Craft / October 2017

Marco Dal Maso: Fit for Battle

Inspired by warrior cultures, jeweller Marco Dal Maso creates pieces that are lightweight yet robust.

Marco Dal Maso's bracelets are inspired by those worn by warriors.

Says second generation Italian jeweller Marco Dal Maso, “I wanted to create something totemic, simultaneously ancient yet modern, simultaneously elegant yet brutal, and something that evoked a very primal masculine power.” Studying warrior cultures ranging back from Viking to Spartan to Maori to Native American, Dal Maso kept coming back to the concept of the warrior bracelet. “It is a universal symbol, something often associated with a rite of passage – for example, your first battle. It’s interesting that what came from an essentially functional device, a wrist guard used in combat, eventually took on decorative or personal meaning when worn in civilian life. Bracelets were exchanged as tokens of friendship and camaraderie or awarded for acts of fealty or valour. Bracelets have always been a part of warrior culture.”

As such, Dal Maso decided to conceptualise his ultimate warrior bracelet, one without any overt reference to any culture, but one forged purely through the inner workings of his own imagination. “I visualised strong links in a chain, with each looking like it was rough cast or even handmade, with a texture that was reminiscent of metal that had endured and been reshaped by age, like they had been dug up in an archaeological find. Then I thought of the idea of creating something that was incredibly strong and substantial-looking, but that could be incredibly light to wear. Because I realised that men today are wearing their jewellery all the time, even to the swimming pool or when they exercise.” And so Dal Maso searched for ways to optimise the bracelets to be surprisingly light to wear. Inspired by the technique used by vintage motorcycle and bicycle racers that used to drill holes into the frames and components of their race machines to create a weight advantage, Dal Maso experimented with piercing the links of the chain to minimise their weight.” He laughs, “At one point I went too far and pierced every link but the effect made the bracelets look too insubstantial. So eventually I decided to pierce each alternate link which creates a bracelet that is surprisingly light to wear.”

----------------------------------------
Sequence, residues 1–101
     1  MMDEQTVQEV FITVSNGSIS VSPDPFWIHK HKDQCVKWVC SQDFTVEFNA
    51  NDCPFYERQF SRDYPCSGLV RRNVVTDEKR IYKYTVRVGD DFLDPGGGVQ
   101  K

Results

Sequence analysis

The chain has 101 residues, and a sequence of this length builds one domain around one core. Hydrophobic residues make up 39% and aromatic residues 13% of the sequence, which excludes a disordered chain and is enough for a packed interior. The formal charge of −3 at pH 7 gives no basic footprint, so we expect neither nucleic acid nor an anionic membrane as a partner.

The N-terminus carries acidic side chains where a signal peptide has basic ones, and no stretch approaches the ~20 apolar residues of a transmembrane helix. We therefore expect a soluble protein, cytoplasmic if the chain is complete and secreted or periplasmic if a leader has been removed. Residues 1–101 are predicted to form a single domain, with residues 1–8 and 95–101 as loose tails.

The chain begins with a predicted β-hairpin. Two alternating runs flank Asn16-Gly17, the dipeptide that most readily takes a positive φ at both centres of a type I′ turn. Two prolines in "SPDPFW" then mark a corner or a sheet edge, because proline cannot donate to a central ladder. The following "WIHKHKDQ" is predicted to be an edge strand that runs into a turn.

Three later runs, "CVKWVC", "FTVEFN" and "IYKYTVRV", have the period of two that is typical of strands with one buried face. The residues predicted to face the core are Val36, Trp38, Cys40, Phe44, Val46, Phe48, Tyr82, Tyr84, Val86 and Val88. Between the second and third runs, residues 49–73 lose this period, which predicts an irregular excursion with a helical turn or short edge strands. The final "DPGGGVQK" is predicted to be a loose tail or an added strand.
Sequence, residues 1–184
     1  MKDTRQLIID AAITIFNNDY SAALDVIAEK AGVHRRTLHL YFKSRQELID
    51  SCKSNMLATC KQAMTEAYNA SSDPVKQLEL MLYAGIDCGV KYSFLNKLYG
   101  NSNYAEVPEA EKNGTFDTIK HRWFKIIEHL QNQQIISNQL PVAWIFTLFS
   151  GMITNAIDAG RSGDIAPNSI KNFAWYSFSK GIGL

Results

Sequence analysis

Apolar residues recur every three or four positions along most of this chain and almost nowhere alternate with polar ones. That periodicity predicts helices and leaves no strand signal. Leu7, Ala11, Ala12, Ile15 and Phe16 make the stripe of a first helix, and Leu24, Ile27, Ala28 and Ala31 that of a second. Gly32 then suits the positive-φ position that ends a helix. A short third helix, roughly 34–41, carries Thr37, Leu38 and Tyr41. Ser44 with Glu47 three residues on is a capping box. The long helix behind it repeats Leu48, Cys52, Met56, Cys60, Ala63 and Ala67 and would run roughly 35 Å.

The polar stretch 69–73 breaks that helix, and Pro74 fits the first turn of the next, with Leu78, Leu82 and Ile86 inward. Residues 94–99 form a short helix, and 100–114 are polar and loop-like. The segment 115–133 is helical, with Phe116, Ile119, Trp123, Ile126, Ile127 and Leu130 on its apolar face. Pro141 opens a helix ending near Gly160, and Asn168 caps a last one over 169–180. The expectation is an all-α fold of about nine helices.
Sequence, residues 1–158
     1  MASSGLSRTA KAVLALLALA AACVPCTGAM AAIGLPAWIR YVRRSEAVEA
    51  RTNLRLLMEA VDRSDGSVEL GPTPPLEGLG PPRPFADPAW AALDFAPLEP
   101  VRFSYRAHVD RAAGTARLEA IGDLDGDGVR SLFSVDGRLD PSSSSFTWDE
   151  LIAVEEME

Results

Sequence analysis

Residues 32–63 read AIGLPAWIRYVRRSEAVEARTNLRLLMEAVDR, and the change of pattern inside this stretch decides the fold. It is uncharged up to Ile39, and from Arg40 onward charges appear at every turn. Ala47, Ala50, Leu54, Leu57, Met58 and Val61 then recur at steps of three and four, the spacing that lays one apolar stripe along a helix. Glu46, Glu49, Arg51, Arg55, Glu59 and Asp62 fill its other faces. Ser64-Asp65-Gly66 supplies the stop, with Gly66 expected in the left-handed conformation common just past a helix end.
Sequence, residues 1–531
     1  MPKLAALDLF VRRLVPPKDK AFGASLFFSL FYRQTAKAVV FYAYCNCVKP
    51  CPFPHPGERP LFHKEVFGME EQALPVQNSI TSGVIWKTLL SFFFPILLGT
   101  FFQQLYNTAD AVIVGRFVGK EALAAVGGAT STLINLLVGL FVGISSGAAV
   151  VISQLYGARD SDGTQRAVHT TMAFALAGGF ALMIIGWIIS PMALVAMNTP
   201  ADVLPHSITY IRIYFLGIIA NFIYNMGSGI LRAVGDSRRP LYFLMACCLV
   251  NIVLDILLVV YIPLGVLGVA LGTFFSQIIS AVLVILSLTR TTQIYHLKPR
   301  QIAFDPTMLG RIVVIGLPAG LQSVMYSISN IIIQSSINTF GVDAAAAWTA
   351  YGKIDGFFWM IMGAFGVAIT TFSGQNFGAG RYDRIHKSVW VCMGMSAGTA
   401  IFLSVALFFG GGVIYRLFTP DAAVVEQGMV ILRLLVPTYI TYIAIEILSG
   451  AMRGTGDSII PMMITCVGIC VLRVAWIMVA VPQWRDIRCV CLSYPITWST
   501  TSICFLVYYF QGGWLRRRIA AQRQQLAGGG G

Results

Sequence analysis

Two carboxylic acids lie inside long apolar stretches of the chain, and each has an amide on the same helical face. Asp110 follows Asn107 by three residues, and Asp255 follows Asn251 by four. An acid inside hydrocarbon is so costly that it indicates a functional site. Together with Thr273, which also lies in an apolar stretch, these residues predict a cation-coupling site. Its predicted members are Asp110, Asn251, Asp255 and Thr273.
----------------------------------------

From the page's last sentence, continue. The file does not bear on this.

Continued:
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Wei Koh

The Rake's Founder & Editorial Director.